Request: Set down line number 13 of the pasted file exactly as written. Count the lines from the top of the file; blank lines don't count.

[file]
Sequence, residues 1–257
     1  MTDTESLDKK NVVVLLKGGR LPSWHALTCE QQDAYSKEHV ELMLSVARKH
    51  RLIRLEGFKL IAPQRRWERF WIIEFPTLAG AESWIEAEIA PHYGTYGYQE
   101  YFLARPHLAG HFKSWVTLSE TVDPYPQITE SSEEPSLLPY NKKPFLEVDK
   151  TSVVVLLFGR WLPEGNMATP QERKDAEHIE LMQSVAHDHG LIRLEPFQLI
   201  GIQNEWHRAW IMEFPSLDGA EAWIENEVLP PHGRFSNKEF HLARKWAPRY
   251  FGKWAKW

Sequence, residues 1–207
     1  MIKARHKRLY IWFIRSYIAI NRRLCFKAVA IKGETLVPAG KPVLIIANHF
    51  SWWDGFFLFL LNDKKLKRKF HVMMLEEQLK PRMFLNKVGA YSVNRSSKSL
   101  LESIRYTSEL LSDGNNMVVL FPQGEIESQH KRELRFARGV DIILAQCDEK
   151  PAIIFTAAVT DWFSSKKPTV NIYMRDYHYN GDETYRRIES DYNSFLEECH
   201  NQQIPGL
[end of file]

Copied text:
   201  NQQIPGL